“I love Hong Kong,” says Ali Batten. “I love the locally run hardware stores filled to the brim … I love the microfactories that occupy the same amount of space as a 7/11 and yet all of our metal bending happens in them. I love the local creative scene. The work coming out of young Hong Kong artists at the moment is crazy.”
Ali and partner Dan Kamp, both originally from New Zealand, started Batten and Kamp in Hong Kong in 2019. These days home is also work—their studio is in a big, open space in a factory building at the end of Hong Kong Island between the harbor and a mountain. “We painted a section of the floor by the window white and that delineated home,” Ali says. “Our parents think we are crazy, but Dan and I absolutely love living like this. We find it really inspiring letting it all blur together. We don’t have a kitchen and currently only have a cold shower but honestly, it’s the dream.”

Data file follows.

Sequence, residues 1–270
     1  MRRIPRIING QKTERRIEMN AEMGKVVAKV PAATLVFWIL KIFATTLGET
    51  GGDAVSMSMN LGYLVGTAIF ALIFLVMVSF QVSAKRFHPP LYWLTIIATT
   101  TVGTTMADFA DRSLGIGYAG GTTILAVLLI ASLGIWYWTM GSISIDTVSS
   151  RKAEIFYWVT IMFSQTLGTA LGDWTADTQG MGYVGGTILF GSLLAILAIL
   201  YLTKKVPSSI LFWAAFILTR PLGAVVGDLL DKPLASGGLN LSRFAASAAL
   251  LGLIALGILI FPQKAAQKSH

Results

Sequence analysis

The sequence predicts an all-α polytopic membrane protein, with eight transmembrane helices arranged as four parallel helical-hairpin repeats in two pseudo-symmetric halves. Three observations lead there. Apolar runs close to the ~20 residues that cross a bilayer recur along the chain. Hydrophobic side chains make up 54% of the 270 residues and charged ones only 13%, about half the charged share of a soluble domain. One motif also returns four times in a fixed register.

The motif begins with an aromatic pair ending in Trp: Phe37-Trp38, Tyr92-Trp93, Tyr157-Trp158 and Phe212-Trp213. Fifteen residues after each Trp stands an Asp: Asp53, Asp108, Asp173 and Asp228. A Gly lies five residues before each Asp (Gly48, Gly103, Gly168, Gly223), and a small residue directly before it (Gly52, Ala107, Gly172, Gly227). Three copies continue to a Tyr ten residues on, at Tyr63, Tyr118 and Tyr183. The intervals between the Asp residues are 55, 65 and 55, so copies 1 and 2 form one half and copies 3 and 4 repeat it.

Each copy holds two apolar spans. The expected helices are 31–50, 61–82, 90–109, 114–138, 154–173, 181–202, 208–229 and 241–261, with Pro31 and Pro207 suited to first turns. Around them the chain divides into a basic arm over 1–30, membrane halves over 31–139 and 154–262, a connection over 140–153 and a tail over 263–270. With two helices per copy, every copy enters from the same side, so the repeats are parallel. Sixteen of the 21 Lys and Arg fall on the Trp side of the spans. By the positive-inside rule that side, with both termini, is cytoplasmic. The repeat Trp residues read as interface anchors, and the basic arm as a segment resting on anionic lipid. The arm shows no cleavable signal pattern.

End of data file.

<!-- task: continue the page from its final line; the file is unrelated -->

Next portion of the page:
Ali says their shift to more experimental work was accidental. “We both come from design backgrounds so before ‘Elsewhere’ our work always had a functionality to it. Last year in particular we started to flirt with pure sculpture, which really opened us up creatively,” she says. “It was fun to play without restriction but scary, too; when work has utility it tends to be thought of as design, but when it doesn’t it’s seen as art, and we were a bit intimidated to call ourselves artists. I had quite a traditional idea of who was ‘allowed’ to be an artist.”
Their works “Origin” and “Elsewhere” are two counterpart lounge chairs. “Origin” features a minimal and earthy jet black plywood seat mounted to a raw granite boulder while “Elsewhere” employs a similar heavy stone to suspend a moulded sheet of hand-scuffed clear acrylic. “We always imagined ‘Origin’ sitting on a windswept coastline of New Zealand staring out into space and ‘Elsewhere’ on the rocky surface of another planet looking longingly back at the earth,” Ali says.
Ali says she and Dan define the notion of “elsewhere” differently. Dan was 3D-modeling a light sculpture made from a 3D scan of a T-Rex spine (“Don’t ask,” she laughs), when she asked him to briefly describe his feeling of the word again. “For me it’s an excuse to look at the here and now as an ‘elsewhere,’” he says. “Like to think about how weirdly specific everything is. Like, why are branches made of wood? And why is wood shaped as branches? Our world is super weird, but we can’t see it that way unless we try to take an alien-eye view.”